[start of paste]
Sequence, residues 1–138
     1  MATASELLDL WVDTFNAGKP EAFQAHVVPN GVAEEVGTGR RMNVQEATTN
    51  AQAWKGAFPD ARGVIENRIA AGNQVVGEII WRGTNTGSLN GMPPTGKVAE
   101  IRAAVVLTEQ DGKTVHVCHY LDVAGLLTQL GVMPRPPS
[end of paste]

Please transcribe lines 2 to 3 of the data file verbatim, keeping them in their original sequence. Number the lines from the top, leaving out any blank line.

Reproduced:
     1  MATASELLDL WVDTFNAGKP EAFQAHVVPN GVAEEVGTGR RMNVQEATTN
    51  AQAWKGAFPD ARGVIENRIA AGNQVVGEII WRGTNTGSLN GMPPTGKVAE